This guest post is by Sheri Faye Rosendahl.
When will we all truly speak out against the blatant racism that embodies this self-proclaimed Christian nation? We just watched hundreds of white supremacists, adorned in KKK and Nazi gear, stroll through the University of Virginia with tiki torches shouting phrases like “blood and soil” as they encircled and even attacked counter-protesters. We then watched the following day as up to a thousand white fascists rallied in this small college town and as they were met with the resistance of, you know, people not okay with blatant racism, violence broke out and a white terrorist drove a car into the crowd of counter-protesters killing one woman. We should all be vocally outraged — silence is not an option.
I can’t fathom the fact that still so many are silent. Still, this past Sunday, we saw many Christian pastors refusing to take an active stance against the clear violent racism in this nation. I’m sure some won’t speak out because they probably also hold some racist ideology, but other pastors won’t speak out because their fear of losing some of the support of their congregation has overpowered their desire to follow the ways of Jesus.
In following the ways of Jesus, it should not be hard to speak out against racism. There is nothing brave about it, it’s simply a clear distinction between right and wrong. Seriously, those who are still in denial about how deeply ingrained this issue is in our nation: what more do you need to happen before you stop hiding in silence?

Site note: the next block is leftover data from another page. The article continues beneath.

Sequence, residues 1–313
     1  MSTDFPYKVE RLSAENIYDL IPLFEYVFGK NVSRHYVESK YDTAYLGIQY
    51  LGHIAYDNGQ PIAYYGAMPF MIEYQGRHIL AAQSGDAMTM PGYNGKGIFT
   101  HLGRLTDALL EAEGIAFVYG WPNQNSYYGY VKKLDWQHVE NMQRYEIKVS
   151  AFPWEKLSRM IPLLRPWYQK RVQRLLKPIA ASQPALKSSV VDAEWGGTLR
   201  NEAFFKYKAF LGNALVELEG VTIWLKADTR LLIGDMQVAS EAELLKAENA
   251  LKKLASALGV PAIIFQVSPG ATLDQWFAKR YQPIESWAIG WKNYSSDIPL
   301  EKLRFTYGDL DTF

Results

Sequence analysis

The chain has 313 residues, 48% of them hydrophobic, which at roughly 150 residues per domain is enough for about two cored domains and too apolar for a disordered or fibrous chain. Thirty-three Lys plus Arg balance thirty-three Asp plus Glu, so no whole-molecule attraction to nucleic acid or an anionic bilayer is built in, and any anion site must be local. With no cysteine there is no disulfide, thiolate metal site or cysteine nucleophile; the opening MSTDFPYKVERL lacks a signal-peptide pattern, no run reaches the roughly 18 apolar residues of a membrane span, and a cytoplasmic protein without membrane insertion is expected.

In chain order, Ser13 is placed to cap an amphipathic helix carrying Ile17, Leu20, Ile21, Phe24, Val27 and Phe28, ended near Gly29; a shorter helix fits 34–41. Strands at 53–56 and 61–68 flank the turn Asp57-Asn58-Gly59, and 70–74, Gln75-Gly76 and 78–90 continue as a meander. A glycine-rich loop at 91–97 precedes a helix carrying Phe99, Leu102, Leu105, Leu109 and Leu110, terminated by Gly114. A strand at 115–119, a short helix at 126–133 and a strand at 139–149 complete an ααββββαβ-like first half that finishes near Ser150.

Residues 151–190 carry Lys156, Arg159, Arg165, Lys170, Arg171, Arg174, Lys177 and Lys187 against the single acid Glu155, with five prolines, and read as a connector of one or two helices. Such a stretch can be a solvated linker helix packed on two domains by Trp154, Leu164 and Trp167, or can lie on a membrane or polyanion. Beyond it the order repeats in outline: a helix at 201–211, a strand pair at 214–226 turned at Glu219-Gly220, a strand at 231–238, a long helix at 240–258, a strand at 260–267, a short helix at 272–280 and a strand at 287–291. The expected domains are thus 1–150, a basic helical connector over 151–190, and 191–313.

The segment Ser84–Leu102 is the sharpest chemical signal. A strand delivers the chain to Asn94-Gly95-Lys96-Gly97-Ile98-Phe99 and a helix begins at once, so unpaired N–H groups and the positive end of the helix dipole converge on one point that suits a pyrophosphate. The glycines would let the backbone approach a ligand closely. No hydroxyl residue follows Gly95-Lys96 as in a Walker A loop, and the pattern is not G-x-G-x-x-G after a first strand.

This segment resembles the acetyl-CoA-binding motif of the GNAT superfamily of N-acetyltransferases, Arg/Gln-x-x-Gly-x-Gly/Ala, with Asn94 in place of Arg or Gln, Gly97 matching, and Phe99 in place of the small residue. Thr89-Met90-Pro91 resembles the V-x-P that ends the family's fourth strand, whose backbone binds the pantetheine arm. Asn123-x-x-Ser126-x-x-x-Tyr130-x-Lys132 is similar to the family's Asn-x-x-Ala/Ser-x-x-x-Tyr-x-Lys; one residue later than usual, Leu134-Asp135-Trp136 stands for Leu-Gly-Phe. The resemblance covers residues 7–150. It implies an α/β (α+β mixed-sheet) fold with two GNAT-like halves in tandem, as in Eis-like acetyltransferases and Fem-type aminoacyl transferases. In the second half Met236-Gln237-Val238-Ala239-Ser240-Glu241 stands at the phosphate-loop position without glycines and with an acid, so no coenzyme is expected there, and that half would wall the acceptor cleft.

The Nazis also called themselves Christian white nationalists and we all know how that turned out. We all say, “I can’t believe how many stood silent during the rise of the Nazi regime.” But here many of us are – without a word.
According to Martin Luther King Jr., finding peace does not mean avoiding the tension of conflict, it means standing in the tension and exposing the oppression that surrounds us. Those who call themselves peacemakers because they don’t “take sides” are anything but. They are part of the problem, enablers of oppression and hate. They are those who sat quietly and watched the genocide of millions during the Holocaust.There is a right and wrong side when it comes to hate, bigotry, and oppression. There is a right and wrong side when it comes to the deeply ingrained racism that floods our nation. There are not “many sides,” there are two — the side of basic humanity and the side against it.
As someone who has studied and taught history, I am deeply disturbed by the reoccurring cycle of silence we are seeing played out. I always wondered why so many stayed silent in the face of hate so often throughout history, and as I am watching this gross racism play out today, I am still wondering the same thing.
I’m sure people leading up to and throughout WWII minimized the problem too. I’m sure they thought, “Oh, this will just go away soon” and “it’s not actually that bad.” How many do you think turned a blind eye then? How many people do you think are turning a blind eye now?
Now is the time for all of our voices to unify in solidarity against the hate. Now is the time to truly follow the ways of the red letter Jesus first. Now is the time for action. We can stop the hate, we can speak truth, we can let love win. Mark my words — we will overcome.
Photo by Rich A Rosendahl.
About Sheri Faye Rosendahl